Landmark Civil Rights Case Upholds Right to Record Police

Landmark Civil Rights Case Upholds Right to Record Police

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civil rights rally sign - Flickr-CC  Nevele OtseogA federal judge in Indianapolis ruled that police officers who stopped Willie King while he was recording video of an arrest had violated his rights.

As part of a settlement in the federal civil rights case, the Indianapolis Metropolitan Police Department was ordered to institute a new policy prohibiting police officers from interfering with civilians who are recording their actions.

King was arrested in February 2011 after he used his cellphone to videotape police officers arresting another man. King was charged with resisting arrest and disorderly conduct.

Following a bench trial that found him not guilty, King filed a federal civil rights case against the city of Indianapolis and the police officers involved in the incident, who he claimed had violated his First, Fourth and 14th amendment rights. In addition, he asserted the IMPD used excessive force against him and that he was a victim of false arrest and malicious prosecution.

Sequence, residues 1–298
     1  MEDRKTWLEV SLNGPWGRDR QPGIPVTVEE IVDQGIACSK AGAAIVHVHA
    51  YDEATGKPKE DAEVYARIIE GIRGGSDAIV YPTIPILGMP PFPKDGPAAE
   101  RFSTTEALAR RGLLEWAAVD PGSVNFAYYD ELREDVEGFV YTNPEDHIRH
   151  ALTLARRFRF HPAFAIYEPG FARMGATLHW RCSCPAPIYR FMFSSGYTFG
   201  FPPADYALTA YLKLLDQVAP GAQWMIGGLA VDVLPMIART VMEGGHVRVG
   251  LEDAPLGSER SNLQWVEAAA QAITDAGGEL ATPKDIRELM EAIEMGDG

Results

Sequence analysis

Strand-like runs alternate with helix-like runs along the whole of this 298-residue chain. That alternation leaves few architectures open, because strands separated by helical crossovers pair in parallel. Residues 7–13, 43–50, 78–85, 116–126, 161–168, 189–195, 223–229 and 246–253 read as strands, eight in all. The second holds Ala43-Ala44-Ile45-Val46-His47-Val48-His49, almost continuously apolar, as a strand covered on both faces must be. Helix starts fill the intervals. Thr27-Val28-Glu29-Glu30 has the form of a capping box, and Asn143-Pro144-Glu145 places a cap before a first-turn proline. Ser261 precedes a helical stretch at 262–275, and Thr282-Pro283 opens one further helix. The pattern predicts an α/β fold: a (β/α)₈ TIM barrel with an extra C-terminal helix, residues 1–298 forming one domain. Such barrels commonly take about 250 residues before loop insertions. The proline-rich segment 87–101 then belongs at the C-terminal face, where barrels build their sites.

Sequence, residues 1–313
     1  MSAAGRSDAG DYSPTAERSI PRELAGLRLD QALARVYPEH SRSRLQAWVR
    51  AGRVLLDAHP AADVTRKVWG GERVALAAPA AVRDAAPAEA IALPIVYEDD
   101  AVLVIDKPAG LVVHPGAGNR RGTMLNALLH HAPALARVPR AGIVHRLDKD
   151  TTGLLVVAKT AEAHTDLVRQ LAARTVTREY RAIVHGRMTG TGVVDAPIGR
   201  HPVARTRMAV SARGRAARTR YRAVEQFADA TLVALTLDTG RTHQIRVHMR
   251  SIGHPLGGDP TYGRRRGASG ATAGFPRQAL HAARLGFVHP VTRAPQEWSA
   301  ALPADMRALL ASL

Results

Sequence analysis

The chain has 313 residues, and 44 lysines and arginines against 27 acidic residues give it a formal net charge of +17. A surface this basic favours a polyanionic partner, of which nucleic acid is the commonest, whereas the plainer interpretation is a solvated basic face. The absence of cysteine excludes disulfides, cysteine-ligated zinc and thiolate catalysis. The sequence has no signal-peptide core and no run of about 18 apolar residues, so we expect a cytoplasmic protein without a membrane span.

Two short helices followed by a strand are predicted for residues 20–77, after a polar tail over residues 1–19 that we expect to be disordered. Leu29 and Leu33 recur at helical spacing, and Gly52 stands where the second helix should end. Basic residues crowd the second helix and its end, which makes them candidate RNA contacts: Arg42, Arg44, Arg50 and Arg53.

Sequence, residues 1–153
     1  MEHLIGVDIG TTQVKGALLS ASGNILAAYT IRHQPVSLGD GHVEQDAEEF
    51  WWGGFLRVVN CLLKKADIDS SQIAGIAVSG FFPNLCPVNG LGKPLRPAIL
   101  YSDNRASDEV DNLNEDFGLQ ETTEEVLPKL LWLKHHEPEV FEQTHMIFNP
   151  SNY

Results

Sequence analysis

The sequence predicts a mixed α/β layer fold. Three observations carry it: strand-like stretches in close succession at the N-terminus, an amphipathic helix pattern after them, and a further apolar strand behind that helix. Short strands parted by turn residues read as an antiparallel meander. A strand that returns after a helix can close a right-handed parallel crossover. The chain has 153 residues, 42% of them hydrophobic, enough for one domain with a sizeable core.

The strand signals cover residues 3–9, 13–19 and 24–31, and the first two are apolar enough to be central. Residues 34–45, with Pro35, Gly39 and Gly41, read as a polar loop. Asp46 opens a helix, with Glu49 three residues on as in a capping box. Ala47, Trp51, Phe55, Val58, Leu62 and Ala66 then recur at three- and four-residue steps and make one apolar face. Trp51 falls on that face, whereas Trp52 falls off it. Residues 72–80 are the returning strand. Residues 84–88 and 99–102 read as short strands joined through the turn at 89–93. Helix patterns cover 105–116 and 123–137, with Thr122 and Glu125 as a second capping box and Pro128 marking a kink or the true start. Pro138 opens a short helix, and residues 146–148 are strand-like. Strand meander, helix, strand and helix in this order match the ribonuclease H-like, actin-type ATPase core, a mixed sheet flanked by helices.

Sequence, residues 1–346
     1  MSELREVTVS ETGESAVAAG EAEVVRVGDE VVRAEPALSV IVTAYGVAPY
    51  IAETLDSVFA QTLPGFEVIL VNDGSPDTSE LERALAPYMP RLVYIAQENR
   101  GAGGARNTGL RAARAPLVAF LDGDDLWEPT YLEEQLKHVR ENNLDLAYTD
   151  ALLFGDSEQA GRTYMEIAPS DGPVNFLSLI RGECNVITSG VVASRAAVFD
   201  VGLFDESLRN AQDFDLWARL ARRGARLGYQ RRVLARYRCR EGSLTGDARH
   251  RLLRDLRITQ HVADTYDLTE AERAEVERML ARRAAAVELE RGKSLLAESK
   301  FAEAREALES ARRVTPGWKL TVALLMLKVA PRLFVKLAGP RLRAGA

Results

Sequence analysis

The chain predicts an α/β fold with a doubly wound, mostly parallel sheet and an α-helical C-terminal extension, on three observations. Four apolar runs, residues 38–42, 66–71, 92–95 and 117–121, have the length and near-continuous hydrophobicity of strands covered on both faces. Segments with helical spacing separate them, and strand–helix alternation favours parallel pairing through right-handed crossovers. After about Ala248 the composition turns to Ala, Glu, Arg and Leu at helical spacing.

“Willie King was wronged when the officers stopped his videotaping and took away his cellphone,” said King’s attorney Richard Waples. “We want to make sure that in the future police officers understand that people have the right to video record their actions.”

Within two months of signing the settlement agreement, the city’s police chief must issue a legal bulletin that explains officers should not interfere with civilians who are observing or recording their actions in public as long as these civilians maintain a safe and reasonable distance from the scene, do not interfere with the officers’ work, and do not pose a danger.

(READ more from Indiana Lawyer)

Photo via Flickr user, Nevele Otseog – CC license